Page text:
Ag Tips from JJ: April 14

Brought to you by: Jonah T. Johnson, MS, CPAg, CCA - Sales Agronomist, PCT | Sunrise

April 14, 2020: More cold temperatures are coming our way! Are your wheat and newly emerging soybean seedlings susceptible?
As I quoted in my last report, “April Showers Bring May Flowers…” as well as erratic temperature swings with the rain. This week’s forecast predicts more rainfall and much colder temperatures than last week. Some areas of Ohio are calling for nightly temperatures in the lower to upper 20’s. This is the exact reason we cautioned growers last week to be cognizant with current conditions to ensure we provide the initial 2020 crop the best chance for success.
Forecast in hand, we have two crops of concern. Ohio’s soft red winter wheat crop and newly emerging soybeans (for the handful of growers that were able to plant soybeans in late March). Both these crops have potential to be subject to cold temperature injury.

Winter wheat
Jointed wheat, or the Feekes growth stage 6 (F6 GS), signifies when the wheat plant’s growing point (aka wheat head) is now above the soil line, making this plant vulnerable to environmental impacts (such as late season frost, hail ect). This also is when protein consumption (Nitrogen uptake) begins to accelerate as stem elongation occurs and moves through vegetative growth. If “top-dress” has not occurred on your wheat yet, you still can make an “emergency” N application up to F9, prior to flag leaf emergence, with little or no yield penalty. But try not to make this a habit. Figure 1 shows a wheat head that I dissected from a “jointed” wheat plant, using a 30x hand lens in front of my iPhone camera. This confirms the F6 growth stage.
Wheat growth stage varies across the state currently, so knowing the correct stage is important in diagnosing issues. When wheat is in the “tillering” stage (wheat is still relatively short and has prostrate growth) that crop can withstand temperatures down to ~12 °F (see table below). If wheat is standing upright and just prior to joint (no detectable node) than the temperature that injury occurs is ~20°F.
If you can detect a node (jointed, growing point above the soil surface) than the temperature where injury occurs is 24°F. Cold injury at jointing can cause moderate to significant yield deficits.
The true extent of injury will not be fully evident until temperature warm up and growth resumes. But keep in mind that wheat is resilient crop, and soils buffer temperatures slower than the air, so chances are in favor that our wheat should be fine.


Remember, when looking at fields, potential damage will show first in areas where the cold air settled: along tree lines, in low lying areas like bottoms and valleys. Other areas where damage is more likely are sandier soils which held less heat and wheat in 15” rows.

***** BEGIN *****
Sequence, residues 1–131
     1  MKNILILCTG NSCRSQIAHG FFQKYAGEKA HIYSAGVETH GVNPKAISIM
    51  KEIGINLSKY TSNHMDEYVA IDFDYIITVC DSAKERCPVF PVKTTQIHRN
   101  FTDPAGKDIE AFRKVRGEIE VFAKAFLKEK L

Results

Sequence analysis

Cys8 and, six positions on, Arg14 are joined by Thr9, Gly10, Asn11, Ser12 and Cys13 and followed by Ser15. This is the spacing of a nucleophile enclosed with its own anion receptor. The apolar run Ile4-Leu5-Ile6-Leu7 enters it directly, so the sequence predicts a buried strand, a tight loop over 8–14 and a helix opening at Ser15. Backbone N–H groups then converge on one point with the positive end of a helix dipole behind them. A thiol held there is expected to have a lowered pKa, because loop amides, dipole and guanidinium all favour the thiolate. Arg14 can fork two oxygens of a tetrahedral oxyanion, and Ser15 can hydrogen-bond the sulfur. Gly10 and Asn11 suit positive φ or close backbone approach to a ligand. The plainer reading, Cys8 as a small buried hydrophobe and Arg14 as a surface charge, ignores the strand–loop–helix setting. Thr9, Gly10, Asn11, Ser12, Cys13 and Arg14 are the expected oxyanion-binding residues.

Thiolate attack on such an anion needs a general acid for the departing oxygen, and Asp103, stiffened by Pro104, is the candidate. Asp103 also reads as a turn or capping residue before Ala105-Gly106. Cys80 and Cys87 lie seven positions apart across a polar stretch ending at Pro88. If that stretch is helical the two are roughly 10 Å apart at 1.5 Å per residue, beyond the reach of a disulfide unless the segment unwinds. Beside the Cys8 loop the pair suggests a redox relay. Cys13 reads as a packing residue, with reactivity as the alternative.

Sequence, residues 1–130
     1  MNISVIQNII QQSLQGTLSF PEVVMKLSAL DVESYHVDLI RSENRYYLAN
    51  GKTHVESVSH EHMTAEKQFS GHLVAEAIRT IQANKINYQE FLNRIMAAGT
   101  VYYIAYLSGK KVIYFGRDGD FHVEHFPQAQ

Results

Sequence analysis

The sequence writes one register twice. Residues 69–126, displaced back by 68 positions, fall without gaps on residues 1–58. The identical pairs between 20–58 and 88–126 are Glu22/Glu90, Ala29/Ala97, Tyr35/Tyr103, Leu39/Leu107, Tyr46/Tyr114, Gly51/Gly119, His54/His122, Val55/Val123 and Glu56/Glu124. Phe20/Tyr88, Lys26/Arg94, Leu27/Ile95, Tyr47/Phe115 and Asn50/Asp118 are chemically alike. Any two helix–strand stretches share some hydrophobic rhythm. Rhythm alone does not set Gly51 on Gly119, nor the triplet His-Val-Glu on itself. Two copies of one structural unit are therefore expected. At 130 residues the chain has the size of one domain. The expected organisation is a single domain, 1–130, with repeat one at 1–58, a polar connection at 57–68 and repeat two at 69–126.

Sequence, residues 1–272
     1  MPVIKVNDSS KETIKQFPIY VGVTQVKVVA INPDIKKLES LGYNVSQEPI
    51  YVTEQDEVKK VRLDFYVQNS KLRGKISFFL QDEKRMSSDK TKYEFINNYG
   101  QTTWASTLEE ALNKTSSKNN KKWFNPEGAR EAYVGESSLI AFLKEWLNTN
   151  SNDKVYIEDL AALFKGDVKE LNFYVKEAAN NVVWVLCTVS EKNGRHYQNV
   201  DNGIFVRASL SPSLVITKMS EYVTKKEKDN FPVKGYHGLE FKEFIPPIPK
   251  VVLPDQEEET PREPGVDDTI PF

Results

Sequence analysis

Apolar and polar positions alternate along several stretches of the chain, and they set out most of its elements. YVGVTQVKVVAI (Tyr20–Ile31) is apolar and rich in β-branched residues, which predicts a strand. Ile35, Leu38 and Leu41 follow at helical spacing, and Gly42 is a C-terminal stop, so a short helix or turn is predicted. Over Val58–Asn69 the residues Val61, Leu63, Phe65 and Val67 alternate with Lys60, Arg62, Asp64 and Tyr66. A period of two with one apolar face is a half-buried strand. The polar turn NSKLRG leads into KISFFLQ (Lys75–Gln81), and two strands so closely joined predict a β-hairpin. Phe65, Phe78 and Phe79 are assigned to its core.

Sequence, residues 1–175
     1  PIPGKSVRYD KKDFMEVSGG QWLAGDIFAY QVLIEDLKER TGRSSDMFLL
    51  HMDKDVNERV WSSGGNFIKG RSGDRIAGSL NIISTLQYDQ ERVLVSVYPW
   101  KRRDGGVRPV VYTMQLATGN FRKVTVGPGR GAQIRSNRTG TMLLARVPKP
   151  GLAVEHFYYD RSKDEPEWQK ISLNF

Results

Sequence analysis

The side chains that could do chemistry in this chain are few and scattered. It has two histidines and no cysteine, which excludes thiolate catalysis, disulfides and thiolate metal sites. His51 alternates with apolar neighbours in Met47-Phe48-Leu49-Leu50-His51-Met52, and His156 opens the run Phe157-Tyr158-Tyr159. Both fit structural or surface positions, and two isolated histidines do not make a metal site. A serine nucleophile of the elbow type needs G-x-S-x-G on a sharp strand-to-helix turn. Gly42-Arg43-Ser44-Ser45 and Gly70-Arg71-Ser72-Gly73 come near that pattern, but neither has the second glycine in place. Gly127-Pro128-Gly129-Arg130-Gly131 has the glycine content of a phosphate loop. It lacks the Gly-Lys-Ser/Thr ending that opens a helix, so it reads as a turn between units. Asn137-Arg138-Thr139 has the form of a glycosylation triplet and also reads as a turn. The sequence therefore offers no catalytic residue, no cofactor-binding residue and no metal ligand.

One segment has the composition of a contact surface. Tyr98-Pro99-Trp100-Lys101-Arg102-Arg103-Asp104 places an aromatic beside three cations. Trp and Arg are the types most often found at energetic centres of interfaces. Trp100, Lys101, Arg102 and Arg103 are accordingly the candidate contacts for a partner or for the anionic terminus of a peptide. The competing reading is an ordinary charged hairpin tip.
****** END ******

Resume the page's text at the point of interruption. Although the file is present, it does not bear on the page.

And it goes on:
If main stems show damage, keep in mind that secondary and tertiary tillers that were not as far along in development can still contribute to yield.

Soybean Seedlings
Cold air temperatures can affect soybeans more than an emerged corn crop due to differences in the growing point phenology of a dicot (soybean) vs. monocot (corn). A corn plant’s growing point (intercalary meristem), like wheat, is below ground until the V6 growth stage. A soybean’s growing point (a.k.a. apical meristem), on the other hand, is above ground from emergence. So not only can cold water imbibition affect the initial germination, but cold air can harm tender emerged tissue as well.
Dr. Bob Nielsen at Purdue says “the severity of damage reflects the different effects of frost alone versus true lethal low temperatures, especially for corn. Corn can often survive a 'simple' frost event, wherein the exposed leaf tissue is damaged by the frost, but the growing point is not exposed to truly lethal temperatures. Lethal cold temperatures (28F or less), on the other hand, can kill the growing point even if the growing point is still below ground.”
Temperatures are usually measured several feet above the ground, thus temperatures at the soil surface can be even colder. A temperature of 28 degrees Fahrenheit for two hours is defined as a “killing” frost.
We typically recommend waiting a week to 10 days to check for “survivability” of the injured crop.
The following pictures illustrates soybean plants that experinced cold temperature damamge and those that showed signs of new growth, indicating “survivalability” of the seedling.
If you have questions regarding scouting for potential cold injury interactions, please let us know!